High mortality, morbidity with early-onset scoliosis surgery

March 25, 2013
High mortality, morbidity with early-onset scoliosis surgery
Surgery for patients with early-onset scoliosis is associated with an 18 percent mortality rate and an 84 percent complication rate, according to research published in the Feb. 15 issue of Spine.

(HealthDay)—Surgery for patients with early-onset scoliosis is associated with an 18 percent mortality rate and an 84 percent complication rate, according to research published in the Feb. 15 issue of Spine.

Jonathan H. Phillips, M.D., of the Orlando Health-Arnold Palmer Medical Center in Florida, and colleagues performed a retrospective chart review of 165 surgical procedures performed on 28 patients in an effort to accurately measure mortality and complication rates in patients surgically treated for early-onset scoliosis.

Patients had been diagnosed with congenital , syndromic and , cerebral palsy, and . The researchers found that, overall, the mortality rate was 18 percent and the complication rate was 84 percent. Although the mortality rate was similar between those performed at the authors' center or another center, the was lower for those whose entire surgical course had been at the authors' institution.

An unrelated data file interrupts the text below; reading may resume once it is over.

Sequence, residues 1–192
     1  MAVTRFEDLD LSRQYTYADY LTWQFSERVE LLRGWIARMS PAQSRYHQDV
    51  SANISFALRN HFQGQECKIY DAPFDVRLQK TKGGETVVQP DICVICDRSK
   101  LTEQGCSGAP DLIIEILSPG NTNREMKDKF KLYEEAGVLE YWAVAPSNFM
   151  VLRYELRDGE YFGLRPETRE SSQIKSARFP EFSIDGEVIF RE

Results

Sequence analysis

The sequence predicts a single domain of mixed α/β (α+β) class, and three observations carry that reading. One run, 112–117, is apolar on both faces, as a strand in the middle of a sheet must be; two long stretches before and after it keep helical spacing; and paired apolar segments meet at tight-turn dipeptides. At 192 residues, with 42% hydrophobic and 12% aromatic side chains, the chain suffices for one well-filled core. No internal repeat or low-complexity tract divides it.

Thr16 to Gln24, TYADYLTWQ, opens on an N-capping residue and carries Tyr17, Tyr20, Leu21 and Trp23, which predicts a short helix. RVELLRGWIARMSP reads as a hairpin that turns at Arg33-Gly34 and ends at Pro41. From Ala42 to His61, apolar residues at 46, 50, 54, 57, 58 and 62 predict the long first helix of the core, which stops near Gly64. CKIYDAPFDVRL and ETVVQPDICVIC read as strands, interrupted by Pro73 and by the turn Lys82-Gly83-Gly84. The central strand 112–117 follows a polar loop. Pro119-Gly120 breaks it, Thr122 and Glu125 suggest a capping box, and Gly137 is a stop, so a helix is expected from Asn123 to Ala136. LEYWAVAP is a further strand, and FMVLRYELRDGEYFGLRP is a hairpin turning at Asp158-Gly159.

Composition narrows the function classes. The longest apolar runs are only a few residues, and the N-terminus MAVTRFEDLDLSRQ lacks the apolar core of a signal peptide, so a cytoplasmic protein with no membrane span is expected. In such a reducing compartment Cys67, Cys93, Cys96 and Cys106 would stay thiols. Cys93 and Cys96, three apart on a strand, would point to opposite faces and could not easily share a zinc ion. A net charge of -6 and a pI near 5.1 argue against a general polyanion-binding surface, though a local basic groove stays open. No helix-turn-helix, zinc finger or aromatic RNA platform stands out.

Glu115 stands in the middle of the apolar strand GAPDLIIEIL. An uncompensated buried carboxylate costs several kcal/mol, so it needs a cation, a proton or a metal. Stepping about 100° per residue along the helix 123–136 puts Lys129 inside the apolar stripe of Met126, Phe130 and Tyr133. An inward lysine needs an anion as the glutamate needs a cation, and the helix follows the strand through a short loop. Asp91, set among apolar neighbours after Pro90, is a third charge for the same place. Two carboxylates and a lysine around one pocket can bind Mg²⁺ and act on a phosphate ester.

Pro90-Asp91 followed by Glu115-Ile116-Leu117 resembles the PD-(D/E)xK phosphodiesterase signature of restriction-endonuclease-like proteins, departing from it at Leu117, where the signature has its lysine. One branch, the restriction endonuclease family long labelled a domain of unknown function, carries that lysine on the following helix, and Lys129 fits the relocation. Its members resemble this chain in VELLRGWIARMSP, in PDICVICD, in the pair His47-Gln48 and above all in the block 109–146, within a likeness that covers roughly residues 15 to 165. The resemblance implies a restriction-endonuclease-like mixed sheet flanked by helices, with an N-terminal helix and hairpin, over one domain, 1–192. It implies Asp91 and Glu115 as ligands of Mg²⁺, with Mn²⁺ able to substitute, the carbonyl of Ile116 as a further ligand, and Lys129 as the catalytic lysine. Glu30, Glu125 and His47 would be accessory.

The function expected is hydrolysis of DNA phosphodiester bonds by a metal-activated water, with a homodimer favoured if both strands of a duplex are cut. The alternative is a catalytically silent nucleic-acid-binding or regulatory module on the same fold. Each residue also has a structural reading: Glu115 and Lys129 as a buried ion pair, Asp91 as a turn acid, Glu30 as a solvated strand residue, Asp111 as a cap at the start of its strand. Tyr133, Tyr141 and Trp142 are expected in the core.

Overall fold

"The present study, underlines the grave severity of these scolioses particularly in syndromic children," the authors write. "We do not know for certain the outcome of these disease processes untreated, but must continue to develop techniques and implants that maximize outcomes while preserving pulmonary function, and thus minimizing mortality and morbidity with acceptable quality of life."

One or more of the authors report they may receive benefits from commercial parties related to their subject.

Explore further: Rates, causes of spinal surgery-tied mortality quantified

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